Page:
Facebook CEO Mark Zuckerberg’s recent two-month paternity leave announcement shines a spotlight on the need for better parental leave policies. And yet, while this news may be a step in the right direction, it’s clear that we still has a long way to go when it comes to addressing work-life balance and gender equity issues, particularly in the tech industry.
Zuckerberg’s announcement comes at a time when there has been a sharp focus on the glaring gender imbalance in the technology industry, and the urgent need to encourage more women to pursue careers in science, technology, engineering and mathematics (STEM).
And with good reason. Women made up just 12 percent of working engineers and just 26 percent of computing professionals in 2013, according to a recent study by the American Association of University Women. Incredibly, that figure is substantially smaller than it was 25 years ago, and remains roughly the same percentage that it was in 1960. What’s more, women in science, engineering, and technology jobs are 45 percent more likely than men to leave the industry within a year, according to a recent report from the Center for Talent Innovation.
By 2020, jobs in computer science - a key driver of global growth - are projected to grow two to three times faster than other sectors. Activating a talent pool that makes up 50.8% of the US population is an essential part of meeting this demand. Thanks to conversations inspired by leaders like Sheryl Sandberg, there seems now to be general agreement that companies, employees, and the entire tech sector stand to benefit from a more gender-balanced workplace. Many policymakers and industry leaders now believe no less than the future of American innovation, competitiveness, and national security depends on our ability to cultivate and prepare women for future careers in the tech sphere. Success here depends on developing family-friendly workplace culture for both women and men.
As a longtime Silicon Valley entrepreneur and CEO who has spent many years employed in tech workplaces that are predominantly male, I’ve seen this exodus of women firsthand, and it’s become apparent to me that many women leave due to a lack of sufficient maternity leave and misaligned expectations for re-entry. As a country and a culture, we do a terrible job of supporting new parents.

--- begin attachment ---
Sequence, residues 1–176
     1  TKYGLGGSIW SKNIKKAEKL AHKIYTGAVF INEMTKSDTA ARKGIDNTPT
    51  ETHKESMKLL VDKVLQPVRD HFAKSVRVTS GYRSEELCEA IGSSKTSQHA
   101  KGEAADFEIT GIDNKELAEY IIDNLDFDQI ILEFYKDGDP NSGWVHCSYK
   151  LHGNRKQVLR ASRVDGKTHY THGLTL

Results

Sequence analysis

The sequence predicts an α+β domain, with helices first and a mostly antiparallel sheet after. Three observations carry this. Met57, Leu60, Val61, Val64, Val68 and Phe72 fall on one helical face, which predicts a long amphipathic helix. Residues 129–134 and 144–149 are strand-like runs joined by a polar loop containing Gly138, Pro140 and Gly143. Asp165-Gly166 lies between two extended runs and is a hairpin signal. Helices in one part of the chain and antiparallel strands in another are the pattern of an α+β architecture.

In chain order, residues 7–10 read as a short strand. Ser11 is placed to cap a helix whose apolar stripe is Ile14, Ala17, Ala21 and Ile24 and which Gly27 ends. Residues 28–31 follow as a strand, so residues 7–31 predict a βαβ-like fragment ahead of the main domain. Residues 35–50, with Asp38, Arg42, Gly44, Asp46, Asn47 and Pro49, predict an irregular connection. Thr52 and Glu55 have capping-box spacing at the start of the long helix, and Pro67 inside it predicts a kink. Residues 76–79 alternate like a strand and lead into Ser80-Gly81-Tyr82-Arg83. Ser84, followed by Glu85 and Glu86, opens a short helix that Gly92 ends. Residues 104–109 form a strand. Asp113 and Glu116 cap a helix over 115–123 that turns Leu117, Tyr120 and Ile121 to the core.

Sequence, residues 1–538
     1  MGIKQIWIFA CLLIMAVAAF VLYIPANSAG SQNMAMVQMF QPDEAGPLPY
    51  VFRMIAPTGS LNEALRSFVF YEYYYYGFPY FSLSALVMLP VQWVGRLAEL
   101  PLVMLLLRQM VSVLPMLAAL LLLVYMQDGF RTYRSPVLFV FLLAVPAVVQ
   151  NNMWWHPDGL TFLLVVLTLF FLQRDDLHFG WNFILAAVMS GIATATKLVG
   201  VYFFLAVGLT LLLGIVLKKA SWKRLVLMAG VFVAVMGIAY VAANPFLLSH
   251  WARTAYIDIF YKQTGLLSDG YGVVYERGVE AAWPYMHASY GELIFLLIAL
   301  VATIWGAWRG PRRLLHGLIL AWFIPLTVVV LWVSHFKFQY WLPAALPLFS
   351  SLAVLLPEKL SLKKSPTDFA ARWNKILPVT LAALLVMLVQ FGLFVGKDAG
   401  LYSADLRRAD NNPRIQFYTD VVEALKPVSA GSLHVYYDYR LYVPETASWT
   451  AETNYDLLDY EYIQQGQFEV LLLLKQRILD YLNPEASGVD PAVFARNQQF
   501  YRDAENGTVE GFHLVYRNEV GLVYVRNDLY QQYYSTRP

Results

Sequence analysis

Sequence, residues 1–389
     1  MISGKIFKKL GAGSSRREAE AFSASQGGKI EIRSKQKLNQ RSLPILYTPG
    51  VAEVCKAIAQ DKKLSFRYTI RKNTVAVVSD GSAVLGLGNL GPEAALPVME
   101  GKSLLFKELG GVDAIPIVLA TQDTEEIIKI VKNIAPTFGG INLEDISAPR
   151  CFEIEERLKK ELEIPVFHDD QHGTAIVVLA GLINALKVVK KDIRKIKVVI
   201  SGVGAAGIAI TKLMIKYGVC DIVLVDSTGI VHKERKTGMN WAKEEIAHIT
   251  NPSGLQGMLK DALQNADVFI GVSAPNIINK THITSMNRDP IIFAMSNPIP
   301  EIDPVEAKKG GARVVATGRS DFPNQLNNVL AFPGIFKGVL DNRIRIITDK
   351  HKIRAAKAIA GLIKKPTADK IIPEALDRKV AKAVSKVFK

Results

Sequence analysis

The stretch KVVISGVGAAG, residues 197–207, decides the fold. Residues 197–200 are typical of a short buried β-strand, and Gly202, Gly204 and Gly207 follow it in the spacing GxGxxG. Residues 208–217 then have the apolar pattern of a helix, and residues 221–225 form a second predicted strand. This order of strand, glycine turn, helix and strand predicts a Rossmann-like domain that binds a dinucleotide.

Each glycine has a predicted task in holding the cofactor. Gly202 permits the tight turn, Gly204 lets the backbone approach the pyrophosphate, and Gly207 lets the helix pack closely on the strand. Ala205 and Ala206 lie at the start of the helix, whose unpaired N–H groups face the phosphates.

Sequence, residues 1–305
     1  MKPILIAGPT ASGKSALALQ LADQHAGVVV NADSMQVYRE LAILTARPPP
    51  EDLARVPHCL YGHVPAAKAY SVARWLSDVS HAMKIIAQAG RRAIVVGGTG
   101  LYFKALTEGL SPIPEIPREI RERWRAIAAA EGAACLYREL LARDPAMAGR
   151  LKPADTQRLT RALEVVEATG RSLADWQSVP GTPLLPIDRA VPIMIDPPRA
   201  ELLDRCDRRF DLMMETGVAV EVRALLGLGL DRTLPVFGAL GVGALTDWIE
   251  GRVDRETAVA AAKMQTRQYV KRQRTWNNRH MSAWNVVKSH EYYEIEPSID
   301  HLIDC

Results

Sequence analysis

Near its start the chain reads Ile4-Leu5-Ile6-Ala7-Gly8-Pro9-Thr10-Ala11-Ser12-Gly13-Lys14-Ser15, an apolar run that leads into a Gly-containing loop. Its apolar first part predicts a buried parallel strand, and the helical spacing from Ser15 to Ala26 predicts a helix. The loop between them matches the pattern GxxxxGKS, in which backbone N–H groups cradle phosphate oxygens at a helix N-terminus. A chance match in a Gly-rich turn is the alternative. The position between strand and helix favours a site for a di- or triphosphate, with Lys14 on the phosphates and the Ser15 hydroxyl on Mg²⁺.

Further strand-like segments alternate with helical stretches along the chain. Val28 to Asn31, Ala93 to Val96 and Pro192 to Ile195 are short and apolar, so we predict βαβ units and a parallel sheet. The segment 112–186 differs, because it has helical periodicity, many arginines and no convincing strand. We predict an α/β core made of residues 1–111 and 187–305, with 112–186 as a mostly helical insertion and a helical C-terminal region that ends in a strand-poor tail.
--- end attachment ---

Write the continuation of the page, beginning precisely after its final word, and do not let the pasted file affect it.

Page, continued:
In the U.S., workplace policies and attitudes toward maternity leave are some of the most provincial among developed nations. Only 11 percent of American workers have access to paid family leave, according to the Bureau of Labor Statistics. The Family and Medical Leave Act gives workers 12 weeks of unpaid leave, but only about half of employees are eligible, (Watch a fantastic TEDx talk about paid leave by Jessica Shortall here.)
As such, overall rates of employment for women have declined in the United States, falling to 69 percent from a peak of 74 percent in 1999. In the meantime, rates of female employment in other countries, like Great Britain, have been rising. Like many European nations, Great Britain, offers women 12 months of maternity leave, a lot of it paid, along with other policies designed to entice women to stay in the workforce. The U.S. is dead last among developed countries, in fact, our policies are on par with those of Swaziland, Lesotho and Papua New Guinea.
While America has lagged, there is evidence that the tide may be slowly turning.
policies extend leave, they apply at least in part to both mothers and fathers, making leave a part of the employee life-cycle rather than a special circumstance to be tolerated for new mothers.
Regardless of the quality and quantity of benefits offered, the reality - especially for women - is that reentering the workplace after leave is difficult. It’s a vulnerable time for all new parents. Your identity as a human is dramatically altered. Technologies may have evolved and shifted, and new features added to your product, projects were started or completed, and the office marched on while you were gone. Thousands of emails went flying through your inbox. People may assume you’re not as mentally sharp or available to focus on work once you return. And, if you’re a mom, trying to keep up your milk supply at the office is a job in and of itself.
Evolving leave policies, with extended and paid time, is a wonderful first step for those few lucky enough to work at those companies. However, the majority of American workers don’t benefit from these modern approaches to leave, despitethe science overwhelmingly supporting the career and company benefits of paid maternity leave for women. Recent studies show that not only does paid leave raise the probability that mothers return to employment later, it results in more hours worked and higher wages for women once they return.
Reversing the downward trajectory of women in the U.S. tech sector isn’t just about steering more girls toward STEM education at an early age. It’s about retaining, supporting, and engaging women in the workplace throughout all stages of their lives and careers. We cannot begin to address the gender imbalance in the U.S. tech sector, and remain competitive as a driving force in the global economy for decades to come, unless significant cultural and institutional changes are made, especially around the birth of a baby.
Encouraging work-life balance and flexible schedules, along with paid parental leave should be a first step and frankly, a no-brainer. Creating an atmosphere where taking this paid leave is the norm for both women and men, and where employees re-entering the workforce are supported can be our next step.
It’s not that hard. Like anything else, it just requires a little nurturing.
Ann Crady Weiss is the CEO and Co-founder of Hatch Baby, a smart parenting device tech company.
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